I don't think Cartmel would've been that short sighted.

Although I have to say Castrovalva and Frontios make me sad that he didn't stay on and we didn't get the chance to see how he'd develop the Fifth Doctor as a character with seemingly more competence than Saward.

Saward is however for me the worst of the bunch. The Visitation, Earthshock and Revelation of the Daleks show that he can be a decent writer, but frankly as a script editor he was awful. And whilst I used to take his side over JNT and believed Saward when he said he had far too much of a control-freak of a boss to be able to do his job to his best, my sympathies have shifted and overturned since. I think it's less JNT who needed to leave sooner, as Saward. I think the 80's would be instantly more salvageable had Saward just left on The Five Doctors. At best both of them were as bad as each other, and clashed creatively in a way that caused both to double down on their worst ideas and creative instincts.

To a degree I think the most unforgivable things Saward was responsible for (namely Warriors' irredeemable final ten minutes) were done under duress and frustration at having JNT and Ian Levine being unreasonably demanding. But even then Cartmel had some disagreements with JNT and would find creative ways around him that produced something more interesting. Saward just seemed to either become really defeatist or find snide, and spiteful ways around it which just left a hopeless, rotten aftertaste.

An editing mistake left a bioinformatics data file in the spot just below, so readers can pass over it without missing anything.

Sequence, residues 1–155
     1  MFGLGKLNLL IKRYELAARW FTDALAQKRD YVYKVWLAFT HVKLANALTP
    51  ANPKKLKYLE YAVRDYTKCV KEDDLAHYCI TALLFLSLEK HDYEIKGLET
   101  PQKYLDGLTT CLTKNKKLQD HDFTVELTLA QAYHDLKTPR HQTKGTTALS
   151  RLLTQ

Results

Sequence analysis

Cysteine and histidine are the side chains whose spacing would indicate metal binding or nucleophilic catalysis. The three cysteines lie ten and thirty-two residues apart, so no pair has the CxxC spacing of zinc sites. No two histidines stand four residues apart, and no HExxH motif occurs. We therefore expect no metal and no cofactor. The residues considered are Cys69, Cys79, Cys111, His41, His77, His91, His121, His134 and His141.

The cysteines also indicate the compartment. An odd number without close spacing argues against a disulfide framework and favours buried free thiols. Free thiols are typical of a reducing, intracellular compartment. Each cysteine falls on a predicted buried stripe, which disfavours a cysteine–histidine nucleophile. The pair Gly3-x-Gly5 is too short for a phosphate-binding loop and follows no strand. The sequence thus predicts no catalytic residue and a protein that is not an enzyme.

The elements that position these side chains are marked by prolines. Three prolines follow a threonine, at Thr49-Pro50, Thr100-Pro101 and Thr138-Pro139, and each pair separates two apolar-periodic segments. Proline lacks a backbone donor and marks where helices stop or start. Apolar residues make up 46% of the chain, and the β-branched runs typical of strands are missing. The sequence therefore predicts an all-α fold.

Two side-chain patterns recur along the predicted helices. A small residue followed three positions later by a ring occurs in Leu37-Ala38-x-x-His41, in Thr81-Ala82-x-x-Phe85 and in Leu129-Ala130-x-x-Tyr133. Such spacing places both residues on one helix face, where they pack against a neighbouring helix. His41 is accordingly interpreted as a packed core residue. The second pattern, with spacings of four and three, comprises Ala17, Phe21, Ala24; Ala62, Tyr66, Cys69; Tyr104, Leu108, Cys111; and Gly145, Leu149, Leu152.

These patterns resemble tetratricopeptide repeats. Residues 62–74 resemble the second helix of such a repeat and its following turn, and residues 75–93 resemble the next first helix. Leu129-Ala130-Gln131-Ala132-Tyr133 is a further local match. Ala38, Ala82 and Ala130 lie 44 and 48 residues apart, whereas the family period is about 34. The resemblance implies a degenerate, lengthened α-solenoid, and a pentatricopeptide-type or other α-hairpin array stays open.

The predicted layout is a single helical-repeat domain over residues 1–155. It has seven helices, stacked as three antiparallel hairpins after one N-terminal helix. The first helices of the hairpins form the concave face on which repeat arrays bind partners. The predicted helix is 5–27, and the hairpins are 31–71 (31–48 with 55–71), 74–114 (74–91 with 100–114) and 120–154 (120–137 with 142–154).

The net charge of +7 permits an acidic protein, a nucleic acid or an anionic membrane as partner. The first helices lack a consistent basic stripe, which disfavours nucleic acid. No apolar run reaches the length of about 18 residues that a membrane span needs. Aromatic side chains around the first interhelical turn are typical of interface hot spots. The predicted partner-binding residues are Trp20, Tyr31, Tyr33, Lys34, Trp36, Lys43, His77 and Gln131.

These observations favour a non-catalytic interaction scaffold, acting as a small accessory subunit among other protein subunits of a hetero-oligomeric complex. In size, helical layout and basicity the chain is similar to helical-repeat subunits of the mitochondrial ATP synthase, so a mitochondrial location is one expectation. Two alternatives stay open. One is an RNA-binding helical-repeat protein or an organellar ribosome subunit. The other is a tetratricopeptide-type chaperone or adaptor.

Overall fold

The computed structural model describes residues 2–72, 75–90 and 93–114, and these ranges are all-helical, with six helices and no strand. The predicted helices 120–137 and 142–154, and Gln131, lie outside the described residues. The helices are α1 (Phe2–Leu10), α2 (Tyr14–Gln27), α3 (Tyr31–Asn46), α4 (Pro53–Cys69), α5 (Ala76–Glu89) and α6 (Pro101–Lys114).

For instance Cartmel said how it was JNT who objected to a scene in Remembrance where the Doctor was meant to take out a Dalek with a bazooka. I don't *think* it was the scene where Ace ended up doing that instead, but rather the final confrontation with the Black Dalek where the Doctor ends up convincing it to self-destruct instead. But Cartmel was frustrated and thought it'd be perfectly sensible and right for the Doctor to do so against that enemy.

And I imagine that same kind of scenario was happening with Saward during Season 21-22 where he would have to abide by some pacifist notion about the Doctor against all common sense, and find some of the sloppiest loopholes to justify the villain's demise happening, hence in Attack of the Cybermen and Vengeance on Varos we see the Doctor cause quite a lot of death by reckless, accidental calamity instead. Which really didn't sit right because it made the Doctor seem careless and the villains too clumsy to be a genuine threat that needed to be so ruthlessly dispatched.

The thing is, Cartmel is right. The Doctor would be smart to resort to the gun in that scenario. But to a degree, having that rule against him is not necessarily a recipe for disaster. Infact it made for more interesting television in stories like Remembrance, in which because the Doctor abstained from guns and other conventional weapons, it raised the suspense of wondering what masterplan or ace up his sleeve he had instead. And having him seen to resort to a gun would spoil that intrigue.

Unfortunately under Saward, we didn't get that intrigue maintained and we didn't get that anticipation (with the one exception of The Five Doctors). We just got the Doctor shown up as, frankly unfit for purpose.

And it's not that the Doctor can't be fallible or can't fail or even leave some loose ends unresolved. Some of the best stories have shown that (Inferno, Genesis of the Daleks, Horror of Fang Rock).

The problem is.... if Genesis of the Daleks or Logopolis were never followed up and there was never closure to the hanging threat of the Master or the Daleks still being out there, or the Doctor's failure, it wouldn't necessarily be a problem because both those stories served their purpose of being a test of character that taught us something about the Doctor.